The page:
30 October 2015 -
On September 10th 2015, the Design History Society hosted a Publishing Workshop in conjunction with the 2015 Annual DHS Conference, “How We Live, and How we Might Live”: Design and the Spirit of Critical Utopianism at California College of the Arts in San Francisco.
The day began with a welcome from Jeremy Aynsley, DHS Chair, and introduction from Maya Oppenheimer, Teaching & Learning Officer, and Sabrina Rahman, Membership & Outreach Officer, who organized the event to foster discussion around current changes and challenges of the field and to explore the future of publishing in academic and digital landscapes.
Presentations began with Cheryl Buckley, Chair of Journal of Design History, elaborated upon a brief summary of the peer-review process, and the imperatives in producing and disseminating academic research in the contexts of journal publishing. At the end of her presentation, she shared her insights on challenges of academic publishing now and how it may change further in the future.
While the conversation was extending to the perspective of attendees themselves, Paul Stirton shared his expertise working with writers, editors and editorial board members as Editor-in-Chief of “West 86th: A Journal of Decorative Arts, Design History, and Material Culture” on behalf of the Bard Graduate Center. His insight on the publishing process began with commentary on current international publishing industry and presentation provided a practical insight into how this complex industry functions.
Elizabeth Guffey, Founding Editor of “Design and Culture” the peer-review journal of the Design Studies Forum, visualised all the stages of submission process and her advice was clear: “Keep in mind that peer review process may be time consuming, so it may some time for an article to be published following the initiation of the peer-review process.” From journal articles to exhibition reviews her presentation covered all aspects of the open source journal management system and publishing software as well as editorial policies.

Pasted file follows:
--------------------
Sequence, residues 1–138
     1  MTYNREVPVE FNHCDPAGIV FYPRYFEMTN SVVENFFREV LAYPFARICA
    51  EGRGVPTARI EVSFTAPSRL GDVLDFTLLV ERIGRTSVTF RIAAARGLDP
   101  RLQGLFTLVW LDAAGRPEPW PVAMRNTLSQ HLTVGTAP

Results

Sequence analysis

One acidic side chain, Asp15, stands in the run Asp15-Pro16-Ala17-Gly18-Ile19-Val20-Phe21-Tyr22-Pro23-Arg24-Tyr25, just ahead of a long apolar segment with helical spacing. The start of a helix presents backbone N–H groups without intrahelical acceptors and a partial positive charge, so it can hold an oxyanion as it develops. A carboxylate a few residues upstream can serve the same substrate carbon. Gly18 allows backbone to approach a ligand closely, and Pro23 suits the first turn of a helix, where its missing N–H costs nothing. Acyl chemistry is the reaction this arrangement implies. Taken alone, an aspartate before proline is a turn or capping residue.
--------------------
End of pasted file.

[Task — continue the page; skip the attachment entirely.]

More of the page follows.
Following the conversation regarding the processes of publishing in academic and digital landscapes Raiford Guins, Founding Principal Editor of the “Journal of Visual Culture”, discussed issues on digital scholarship, writing across various forums including copyright legislation practices in academic publishing from his unique perspective.
Rebecca Barden, Senior Commissioning Editor, Design at Bloomsbury Publishing, rounded up the day’s presentations. Considering its differences from journal publishing, she addressed copyright policies and expectations of a design book editor– her approach and peer review processes – in addition to advising on preparing academic research projects for publication. She discussed the critical relationships with internal and external partners involved in publishing a book.
After presentations from diverse range of line-up speakers, the event ended in a workshop led by Sabrina and Maya entitled ‘Utopian Publishing’. It was designed as a group activity and each group of five attendees -with utopian impulse- had chance to explore topics emerging from the earlier discussions. The day was informative as well as engaging and a diverse range of invited speakers brought valuable expertise and experience to the conversation around publishing for design historians.